The International Conference on Safety and Innovation in Food Packaging, which took place in Lisbon last June, presented a study on the development of chitosan and methylcellulose films with the presence of natamycin, a powerful antimicrobial agent.
The study explains how chitosan films and coatings are formed as a result of the film-forming properties of natural biopolymers, and shows the effect that a food additive like natamycin can have on them and on methylcellulose films.
To begin with, the chitosan films were dissolved in an aqueous solution containing glycerol. This was then stirred for 2 hours at 80° C, and then for 12 hours at room temperature after natamycin was added.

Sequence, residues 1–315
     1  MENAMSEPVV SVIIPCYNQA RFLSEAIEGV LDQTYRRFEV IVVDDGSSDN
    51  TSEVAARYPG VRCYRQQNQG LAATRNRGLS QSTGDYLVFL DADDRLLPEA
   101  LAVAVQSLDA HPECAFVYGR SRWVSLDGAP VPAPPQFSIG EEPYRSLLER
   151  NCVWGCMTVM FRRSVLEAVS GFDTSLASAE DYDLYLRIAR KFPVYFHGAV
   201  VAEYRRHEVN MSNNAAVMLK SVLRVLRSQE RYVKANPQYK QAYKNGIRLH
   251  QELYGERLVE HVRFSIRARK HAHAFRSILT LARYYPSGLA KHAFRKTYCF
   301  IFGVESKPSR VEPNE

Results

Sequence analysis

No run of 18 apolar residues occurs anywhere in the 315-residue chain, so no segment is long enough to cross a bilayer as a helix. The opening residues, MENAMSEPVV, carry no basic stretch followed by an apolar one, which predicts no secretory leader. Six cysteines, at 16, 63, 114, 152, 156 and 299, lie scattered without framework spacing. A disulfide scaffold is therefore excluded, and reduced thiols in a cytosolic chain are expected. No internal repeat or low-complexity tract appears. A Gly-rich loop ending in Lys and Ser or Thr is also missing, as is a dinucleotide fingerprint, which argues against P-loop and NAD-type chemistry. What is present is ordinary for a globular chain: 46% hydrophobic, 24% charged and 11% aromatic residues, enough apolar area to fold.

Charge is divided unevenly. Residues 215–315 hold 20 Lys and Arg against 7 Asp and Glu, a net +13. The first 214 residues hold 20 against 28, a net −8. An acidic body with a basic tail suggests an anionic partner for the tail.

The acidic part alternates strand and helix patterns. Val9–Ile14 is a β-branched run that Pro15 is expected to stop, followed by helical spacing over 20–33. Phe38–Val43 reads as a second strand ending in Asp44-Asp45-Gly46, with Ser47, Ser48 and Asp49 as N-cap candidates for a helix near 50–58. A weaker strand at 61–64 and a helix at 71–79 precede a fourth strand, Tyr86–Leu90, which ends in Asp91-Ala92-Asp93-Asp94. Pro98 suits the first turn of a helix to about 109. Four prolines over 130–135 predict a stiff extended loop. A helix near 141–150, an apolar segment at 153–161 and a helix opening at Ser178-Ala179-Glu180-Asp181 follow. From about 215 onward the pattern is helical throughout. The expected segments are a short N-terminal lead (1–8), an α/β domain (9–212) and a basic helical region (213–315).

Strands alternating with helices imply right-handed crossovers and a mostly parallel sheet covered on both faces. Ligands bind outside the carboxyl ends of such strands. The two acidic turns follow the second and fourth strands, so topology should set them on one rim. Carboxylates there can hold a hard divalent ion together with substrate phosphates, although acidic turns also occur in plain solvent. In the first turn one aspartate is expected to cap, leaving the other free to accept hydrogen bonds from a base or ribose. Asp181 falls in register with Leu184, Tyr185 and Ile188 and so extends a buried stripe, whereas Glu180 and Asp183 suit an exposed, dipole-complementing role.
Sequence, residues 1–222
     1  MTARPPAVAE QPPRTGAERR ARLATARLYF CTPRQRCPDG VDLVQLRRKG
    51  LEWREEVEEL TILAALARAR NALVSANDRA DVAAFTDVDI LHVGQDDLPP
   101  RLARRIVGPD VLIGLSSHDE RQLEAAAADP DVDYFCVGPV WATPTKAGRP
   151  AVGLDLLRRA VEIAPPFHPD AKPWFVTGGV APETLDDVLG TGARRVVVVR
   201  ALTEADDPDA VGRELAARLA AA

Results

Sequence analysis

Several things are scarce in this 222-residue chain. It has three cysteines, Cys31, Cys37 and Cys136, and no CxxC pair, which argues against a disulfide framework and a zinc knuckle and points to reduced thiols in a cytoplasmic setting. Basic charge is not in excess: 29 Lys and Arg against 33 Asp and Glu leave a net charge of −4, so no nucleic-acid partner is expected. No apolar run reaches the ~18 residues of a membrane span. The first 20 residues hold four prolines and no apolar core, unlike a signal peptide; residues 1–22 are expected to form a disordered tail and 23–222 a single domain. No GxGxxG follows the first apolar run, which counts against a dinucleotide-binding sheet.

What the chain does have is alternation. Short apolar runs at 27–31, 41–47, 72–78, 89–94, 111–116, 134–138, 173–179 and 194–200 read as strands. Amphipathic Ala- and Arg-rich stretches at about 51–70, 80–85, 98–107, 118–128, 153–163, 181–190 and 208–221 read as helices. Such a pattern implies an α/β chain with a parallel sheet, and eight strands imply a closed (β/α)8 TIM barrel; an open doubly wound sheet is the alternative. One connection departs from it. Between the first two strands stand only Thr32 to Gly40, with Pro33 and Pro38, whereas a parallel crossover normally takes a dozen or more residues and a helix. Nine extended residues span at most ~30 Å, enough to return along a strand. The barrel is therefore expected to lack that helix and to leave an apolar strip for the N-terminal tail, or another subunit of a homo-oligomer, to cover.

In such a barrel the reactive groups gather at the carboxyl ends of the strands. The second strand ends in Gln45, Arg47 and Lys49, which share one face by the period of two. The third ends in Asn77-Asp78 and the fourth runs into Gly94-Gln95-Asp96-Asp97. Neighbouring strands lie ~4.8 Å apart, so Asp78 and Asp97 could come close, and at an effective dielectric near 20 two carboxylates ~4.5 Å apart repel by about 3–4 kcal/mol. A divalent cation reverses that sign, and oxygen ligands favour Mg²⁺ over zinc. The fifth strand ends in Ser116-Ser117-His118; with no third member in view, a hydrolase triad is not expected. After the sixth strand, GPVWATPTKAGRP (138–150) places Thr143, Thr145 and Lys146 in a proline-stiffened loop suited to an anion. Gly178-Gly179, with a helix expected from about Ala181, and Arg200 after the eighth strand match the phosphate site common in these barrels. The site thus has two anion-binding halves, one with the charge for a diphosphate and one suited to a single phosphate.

Meanwhile, the methylcellulose was mixed with a water-ethanol mixture and underwent a homogenisation process for 5 minutes. Glycerol was added and the solution was stirred for 2 hours at 80° C. To counteract the effect of temperature, natamycin was added to the films that were at room temperature.
After six days, the methylcellulose films contained 70% natamycin. However, the chitosan films only contained 15% of natamycin after 24 days.
The conclusion is that the chitosan films are more stable with a compact structure, which hinders the diffusion of natamycin through the matrix of the film, in stark contrast to the methylcellulose films which are often used in food packaging.